I took this picture at the Commonground Country Fair in Unity this past September. It was a perfect photo op. I mean, come on now – vegetables with kid-size head holes on top? A great message bannered above them? Easy peasy, lemon squeezy.
(Why do I feel like George from Seinfeld used to awkwardly say that, even though I’m marginally aware he didn’t?)
Going organic and eating locally have been my strong desires for a few years now, and my personal progress is slow. Sure, I’ve educated myself by reading numerous books about how our current American food system is failing us. I’ve picked up on the proliferation of corn in my diet and reduced that a bit. Most of the meat I eat is locally raised and fed an appropriate diet for its species (okay, I’m pretty proud of that one).
But, vegetables? The end-all, be-all monarchs of a healthy diet?
Not well represented on my plate. I may have my own unique and strangely rationalized reasons for skimping out on the vegetables, but they’re obviously excuses.
Like: I don’t want to buy vegetables from my local supermarket because they’re not organic and they were flown or trucked from hundreds (maybe thousands) of miles away.
So I don’t buy vegetables at the supermarket. And the local farm stands have gone off the grid for the winter time, so almost-drive-thru opportunities are out until next summer . My own uncovered garden is not producing anything besides a telltale bump of snow in the wide, white landscape.
To top it all off, my pantry isn’t exactly bursting at the seams with produce I preserved from this past growing season – actually, there’s only about 10 jars of my own food in there and it’s all Sunshine Salsa, made from my abundant supply of yellow tomatoes in the late summer of 2012.
I’m at a loss with the local vegetables, or so it seems on a day-to-day basis.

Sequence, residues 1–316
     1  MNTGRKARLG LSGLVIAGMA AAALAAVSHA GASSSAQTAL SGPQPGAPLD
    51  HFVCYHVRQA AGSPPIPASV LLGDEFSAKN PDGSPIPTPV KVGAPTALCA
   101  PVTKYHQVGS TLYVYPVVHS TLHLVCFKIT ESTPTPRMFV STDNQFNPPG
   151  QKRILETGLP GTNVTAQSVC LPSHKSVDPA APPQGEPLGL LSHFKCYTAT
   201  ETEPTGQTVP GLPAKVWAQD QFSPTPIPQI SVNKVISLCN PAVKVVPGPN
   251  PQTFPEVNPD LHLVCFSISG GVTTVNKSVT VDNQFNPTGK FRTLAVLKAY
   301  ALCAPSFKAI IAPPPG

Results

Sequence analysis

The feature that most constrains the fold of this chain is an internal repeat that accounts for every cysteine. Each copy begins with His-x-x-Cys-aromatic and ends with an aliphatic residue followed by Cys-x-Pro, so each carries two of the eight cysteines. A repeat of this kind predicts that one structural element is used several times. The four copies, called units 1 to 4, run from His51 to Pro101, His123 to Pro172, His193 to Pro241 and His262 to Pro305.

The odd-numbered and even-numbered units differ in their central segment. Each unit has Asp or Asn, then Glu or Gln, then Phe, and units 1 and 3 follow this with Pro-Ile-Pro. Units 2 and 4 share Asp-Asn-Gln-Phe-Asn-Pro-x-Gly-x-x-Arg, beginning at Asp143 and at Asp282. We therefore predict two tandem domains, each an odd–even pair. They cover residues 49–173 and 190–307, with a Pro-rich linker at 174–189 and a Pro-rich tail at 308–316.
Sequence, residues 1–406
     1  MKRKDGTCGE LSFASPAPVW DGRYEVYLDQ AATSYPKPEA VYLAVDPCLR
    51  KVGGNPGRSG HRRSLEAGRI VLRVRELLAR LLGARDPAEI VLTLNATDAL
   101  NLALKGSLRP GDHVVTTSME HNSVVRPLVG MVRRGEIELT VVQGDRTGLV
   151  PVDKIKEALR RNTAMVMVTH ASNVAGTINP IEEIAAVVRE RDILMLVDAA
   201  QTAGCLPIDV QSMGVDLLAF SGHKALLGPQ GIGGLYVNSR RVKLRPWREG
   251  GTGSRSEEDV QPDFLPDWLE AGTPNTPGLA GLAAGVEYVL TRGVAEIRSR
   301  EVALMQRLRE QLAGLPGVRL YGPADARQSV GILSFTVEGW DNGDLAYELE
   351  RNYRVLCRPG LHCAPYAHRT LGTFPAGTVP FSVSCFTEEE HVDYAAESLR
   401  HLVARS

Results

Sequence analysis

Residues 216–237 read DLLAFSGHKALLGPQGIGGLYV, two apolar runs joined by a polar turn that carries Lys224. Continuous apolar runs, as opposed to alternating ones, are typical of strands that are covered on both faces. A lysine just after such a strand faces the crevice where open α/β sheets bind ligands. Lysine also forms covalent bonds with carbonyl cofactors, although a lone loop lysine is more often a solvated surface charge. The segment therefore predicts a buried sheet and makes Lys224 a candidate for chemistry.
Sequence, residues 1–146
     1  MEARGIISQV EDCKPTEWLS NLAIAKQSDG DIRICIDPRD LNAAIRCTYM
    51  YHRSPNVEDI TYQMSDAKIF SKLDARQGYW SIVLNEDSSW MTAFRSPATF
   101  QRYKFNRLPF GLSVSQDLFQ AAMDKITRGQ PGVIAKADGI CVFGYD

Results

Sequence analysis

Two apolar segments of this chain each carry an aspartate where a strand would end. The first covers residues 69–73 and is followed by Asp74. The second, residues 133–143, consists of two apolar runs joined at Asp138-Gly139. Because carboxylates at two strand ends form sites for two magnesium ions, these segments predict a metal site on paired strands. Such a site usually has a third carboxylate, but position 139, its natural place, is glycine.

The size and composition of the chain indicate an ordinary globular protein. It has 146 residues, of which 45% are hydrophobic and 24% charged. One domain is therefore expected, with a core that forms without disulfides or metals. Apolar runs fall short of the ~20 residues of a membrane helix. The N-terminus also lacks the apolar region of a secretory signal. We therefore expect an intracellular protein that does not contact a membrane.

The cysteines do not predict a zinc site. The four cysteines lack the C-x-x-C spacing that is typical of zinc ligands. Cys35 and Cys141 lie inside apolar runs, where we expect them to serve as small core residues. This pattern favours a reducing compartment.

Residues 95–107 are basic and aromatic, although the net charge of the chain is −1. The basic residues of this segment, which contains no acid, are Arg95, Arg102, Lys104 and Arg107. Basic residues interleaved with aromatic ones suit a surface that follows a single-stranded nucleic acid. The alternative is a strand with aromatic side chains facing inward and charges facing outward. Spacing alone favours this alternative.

However, I have known of a solution for about a year now that I’ve allowed to simmer on the back burner. I don’t know why I haven’t moved forward until now; it’s hard to come up with a full list of the excuses and patterns of resistance I formed around this whole local vegetables thing. I can get really creative with my rationalizations and they usually pacify my guilt on a subconscious level for quite some time before I’m forced by logic to pay attention.
I can’t not eat vegetables. Actually, I can eat vegetables and, if that colorful pyramid or every mom I’ve ever met has anything to say about it, I should.
So what’s the solution? Now that the weirdness of my laziness has been squashed and I’m ready to push forward in 2013 with a healthier eating style, what’s my first step?
Join a buying club – also known as a food cooperative (co-op). There’s an active buying club whose headquarters are in a town about 20 miles out from my home. They are served by nationwide distributors in addition to the relatively hyper-local distributor Crown ‘O Maine.
By participating in this buying club, I will have access to Maine-grown fruit and vegetables, dairy, grains; Maine-raised beef, bork, and chicken; and other tempting local offerings.
As I said, I’ve known about the buying club for about a year now and have failed to join. However, one great thing about growing up and paying attention is realizing that this year is just as good a time to start as any.
So I contacted the individual who runs the buying club for more information. I’ve gone through the available items listing and picked some out for my first purchase. There are a few items on the list that I’d love to buy, but I can’t afford the required minimum purchase of 50 lbs. I do have a couple of friends who have expressed interest in eating more local food, so I’m going to approach them and ask if they’d like to split it with me.
It took me about three minutes to write the email request for more information and twenty minutes to look over the product list.
At the most, I spent 30 minutes taking this first step. I have a feeling it’s a half hour well spent.
I look forward to eyeballing this playful picture without thinking Yeah, yeah, I know I should. Now I’m getting real. I may have been in love with the idea of supporting my own health along with my local economy, community and environment, but unless I expressed my beliefs through action, my words-words-words wouldn’t carry much weight.
Once, in communities not so far back in our history, residents fed themselves and each other, importing necessities and filling the gaps in their household economy with barter and trade.
Even though currency is used in this modern cooperative, the concept of cultivating our home ground to feed ourselves and our neighbors is still alive.
If you’d like to read more about buying clubs, I suggest these sites (though I have no affiliation with any of these organizations):